Machine Learning is a vast field involving a multitude of mathematical means to approach a problem. This allows an endless amount of approaches to tackle a problem. In this post, we explain how machine learning can be seen as a toolbox of algorithms.
Presently, proposing intelligent models to solve everyday problems is accepted as a standard. The constant appearance of new specializations of the primary and classic machine learning algorithms favor their use in different types of problems.
If we focus on “decision tree” type algorithms, we can find different variations in classic ones such as CART and ID3 and adaptations such as C4.5, C5.0 SLIQ, or SPRINT.
Some are specially designed to work with numerical attributes and others with textual parameters, presenting different capacities for supporting or detecting atypical values (outliers). In this method, the set of currently existing machine learning algorithms could be seen as a great “toolbox.” Each algorithm can have one or more specific functions to tie a particular problem. In the event of a combination of several of them, it can solve a more significant issue in different steps. For more firm examples below, I am describing 3 hypothetical and complex scenarios that can be solved by combining a different set of algorithms from the “toolbox.”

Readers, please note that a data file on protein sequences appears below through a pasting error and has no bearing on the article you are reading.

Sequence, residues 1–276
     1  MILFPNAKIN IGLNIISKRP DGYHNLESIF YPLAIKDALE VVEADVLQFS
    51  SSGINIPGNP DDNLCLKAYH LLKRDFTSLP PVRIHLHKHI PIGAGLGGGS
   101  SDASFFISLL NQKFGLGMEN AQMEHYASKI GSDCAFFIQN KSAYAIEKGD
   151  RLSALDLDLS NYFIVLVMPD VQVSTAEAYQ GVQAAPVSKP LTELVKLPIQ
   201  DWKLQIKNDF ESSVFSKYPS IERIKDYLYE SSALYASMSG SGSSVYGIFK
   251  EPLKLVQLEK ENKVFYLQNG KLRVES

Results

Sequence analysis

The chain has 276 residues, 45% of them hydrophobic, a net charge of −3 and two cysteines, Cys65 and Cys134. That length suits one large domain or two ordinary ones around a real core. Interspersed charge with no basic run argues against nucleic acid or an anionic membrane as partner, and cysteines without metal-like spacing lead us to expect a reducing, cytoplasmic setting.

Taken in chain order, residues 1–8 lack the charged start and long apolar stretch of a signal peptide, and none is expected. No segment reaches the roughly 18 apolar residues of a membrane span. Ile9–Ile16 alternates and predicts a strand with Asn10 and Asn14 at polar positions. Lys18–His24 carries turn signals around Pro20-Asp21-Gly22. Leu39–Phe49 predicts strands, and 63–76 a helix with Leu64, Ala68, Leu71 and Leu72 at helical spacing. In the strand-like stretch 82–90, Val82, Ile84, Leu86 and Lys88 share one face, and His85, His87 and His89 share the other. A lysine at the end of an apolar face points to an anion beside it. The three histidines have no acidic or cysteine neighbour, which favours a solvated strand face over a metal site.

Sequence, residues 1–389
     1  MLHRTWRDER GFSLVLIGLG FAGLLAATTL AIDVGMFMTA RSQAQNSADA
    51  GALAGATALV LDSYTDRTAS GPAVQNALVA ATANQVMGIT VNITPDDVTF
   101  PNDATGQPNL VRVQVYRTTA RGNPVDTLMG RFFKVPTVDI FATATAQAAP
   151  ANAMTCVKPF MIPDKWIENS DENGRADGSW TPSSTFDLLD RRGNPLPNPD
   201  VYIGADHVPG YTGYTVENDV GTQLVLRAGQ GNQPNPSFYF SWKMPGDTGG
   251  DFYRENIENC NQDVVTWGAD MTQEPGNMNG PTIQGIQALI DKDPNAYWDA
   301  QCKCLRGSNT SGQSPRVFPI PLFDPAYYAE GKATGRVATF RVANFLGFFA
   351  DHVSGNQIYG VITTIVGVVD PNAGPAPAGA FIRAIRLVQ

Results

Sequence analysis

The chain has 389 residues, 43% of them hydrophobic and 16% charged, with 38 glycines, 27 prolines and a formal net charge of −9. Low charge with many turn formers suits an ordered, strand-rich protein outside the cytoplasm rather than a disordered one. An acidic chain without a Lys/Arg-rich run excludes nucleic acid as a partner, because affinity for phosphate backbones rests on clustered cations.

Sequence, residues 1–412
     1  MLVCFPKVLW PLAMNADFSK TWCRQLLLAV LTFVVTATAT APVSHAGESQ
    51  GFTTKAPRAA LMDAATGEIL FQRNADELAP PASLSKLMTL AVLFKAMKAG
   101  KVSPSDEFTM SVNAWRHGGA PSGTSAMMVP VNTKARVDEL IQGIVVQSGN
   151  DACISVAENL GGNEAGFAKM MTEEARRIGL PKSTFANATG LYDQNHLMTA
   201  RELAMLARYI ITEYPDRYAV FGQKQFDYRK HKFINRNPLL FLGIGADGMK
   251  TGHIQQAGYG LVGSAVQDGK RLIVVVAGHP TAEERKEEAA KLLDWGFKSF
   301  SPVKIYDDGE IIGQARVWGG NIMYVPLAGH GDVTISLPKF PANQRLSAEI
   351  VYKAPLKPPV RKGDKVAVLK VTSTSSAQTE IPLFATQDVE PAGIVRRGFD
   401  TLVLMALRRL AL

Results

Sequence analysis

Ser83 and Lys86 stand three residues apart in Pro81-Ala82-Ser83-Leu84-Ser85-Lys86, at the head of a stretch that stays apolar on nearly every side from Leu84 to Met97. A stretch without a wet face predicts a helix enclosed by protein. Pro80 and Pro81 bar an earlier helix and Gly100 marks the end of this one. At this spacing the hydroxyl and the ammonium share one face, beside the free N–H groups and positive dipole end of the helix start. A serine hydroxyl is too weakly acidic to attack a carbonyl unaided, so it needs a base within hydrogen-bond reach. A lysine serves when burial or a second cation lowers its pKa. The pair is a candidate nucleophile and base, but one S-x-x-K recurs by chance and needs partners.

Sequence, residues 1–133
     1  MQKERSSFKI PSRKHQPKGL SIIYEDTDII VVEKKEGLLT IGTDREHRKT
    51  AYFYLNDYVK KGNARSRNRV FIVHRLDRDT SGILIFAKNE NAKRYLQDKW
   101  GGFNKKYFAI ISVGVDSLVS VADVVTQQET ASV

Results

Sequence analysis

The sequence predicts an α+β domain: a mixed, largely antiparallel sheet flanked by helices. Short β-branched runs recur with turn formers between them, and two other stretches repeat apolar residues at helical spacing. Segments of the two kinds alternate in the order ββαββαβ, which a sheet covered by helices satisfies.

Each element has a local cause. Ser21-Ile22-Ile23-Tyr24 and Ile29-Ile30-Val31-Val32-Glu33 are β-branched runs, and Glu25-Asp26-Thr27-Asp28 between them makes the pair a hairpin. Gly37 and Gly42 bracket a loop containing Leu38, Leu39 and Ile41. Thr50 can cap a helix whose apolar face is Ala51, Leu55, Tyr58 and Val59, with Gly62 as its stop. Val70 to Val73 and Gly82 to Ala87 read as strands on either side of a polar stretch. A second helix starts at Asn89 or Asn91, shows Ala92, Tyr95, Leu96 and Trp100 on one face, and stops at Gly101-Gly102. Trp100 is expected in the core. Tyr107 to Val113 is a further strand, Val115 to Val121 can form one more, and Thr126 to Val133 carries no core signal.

Scenario 1: Customer segmentation for an energy distributor
Suppose that an electricity supply company has 100 million records with information on the electricity consumption of its 500,000 customers. The electricity company knows that it has 3 extensive groups of customers (individuals, SMEs, and large companies). Still, it wishes to analyze in greater detail the possible existing subgroups within each of these categories to understand its customers better and launch more personalized promotional campaigns.
A machine learning process could be carried out in two steps when faced with this problem. In the first step, a clustering algorithm could be applied partitioning, such as K-means, establishing a value K=3 to force a first division of the total of its 500,000 clients into the 3 groups (individuals, SMEs, and large companies).